Napoleon bides his time and looks for opportunities, but finds a world that, while needing a leader like him, has also moved on. His many skills come in handy in organizing the business of the woman who had taken him in, but he can't quite embrace the advice he's given:
Believe me, just concentrate on making your fortune in watermelons and your future will be a thousand times more enviable than you can imagine.
       Napoleon can largely maintain his cover throughout -- only once is he recognized outright -- but his real-life identity is apparent enough to at least trigger something in many of those he has dealings with. He also encounters delusional Napoleons -- some more convincingly Napoleonic in appearance than he now is. Trying to reveal himself to the woman who has taken him in, her reaction is not so much one of disbelief as fear: disbelief is hardly necessary -- it's obvious to her he can't be the 'real' Napoleon -- but she fears for his mental state if he can make such an outlandish claim.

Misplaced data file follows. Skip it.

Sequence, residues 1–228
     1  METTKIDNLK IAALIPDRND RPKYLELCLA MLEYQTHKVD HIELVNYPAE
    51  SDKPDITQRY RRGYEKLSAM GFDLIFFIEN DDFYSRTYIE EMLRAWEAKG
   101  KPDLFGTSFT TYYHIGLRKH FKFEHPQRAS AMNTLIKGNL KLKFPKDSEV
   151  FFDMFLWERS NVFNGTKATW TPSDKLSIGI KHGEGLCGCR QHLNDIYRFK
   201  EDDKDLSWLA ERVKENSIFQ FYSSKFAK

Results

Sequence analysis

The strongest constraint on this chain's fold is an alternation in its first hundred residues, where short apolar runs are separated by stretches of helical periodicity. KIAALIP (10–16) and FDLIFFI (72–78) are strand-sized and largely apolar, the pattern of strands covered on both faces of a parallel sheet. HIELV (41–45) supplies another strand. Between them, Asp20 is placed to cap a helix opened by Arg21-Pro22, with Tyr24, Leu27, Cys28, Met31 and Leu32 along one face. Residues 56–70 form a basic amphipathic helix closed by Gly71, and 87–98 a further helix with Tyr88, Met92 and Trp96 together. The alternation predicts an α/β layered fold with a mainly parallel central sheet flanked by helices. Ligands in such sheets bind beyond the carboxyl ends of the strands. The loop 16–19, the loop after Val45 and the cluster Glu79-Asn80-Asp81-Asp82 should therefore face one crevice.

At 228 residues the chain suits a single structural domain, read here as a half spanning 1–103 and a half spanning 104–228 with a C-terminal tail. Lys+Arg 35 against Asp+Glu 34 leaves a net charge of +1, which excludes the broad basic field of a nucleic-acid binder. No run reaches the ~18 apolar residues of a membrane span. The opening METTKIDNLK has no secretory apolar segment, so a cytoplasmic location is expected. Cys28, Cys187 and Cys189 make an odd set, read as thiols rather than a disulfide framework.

Very nicely written and with a great deal of gentle humor, The Death of Napoleon is a charming story, its pathos not heavy-handed even as the tale resonates with considerable power. A meditation on identity, reputation, and history, it's a quite beautifully crafted little story.

- M.A.Orthofer, 16 April 2015

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The Death of Napoleon: Reviews: The Emperor's New Clothes - the film: Other books of interest under review:

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About the Author:

       Belgian-born author Simon Leys (actually: Pierre Ryckmans) lived 1935 to 2014.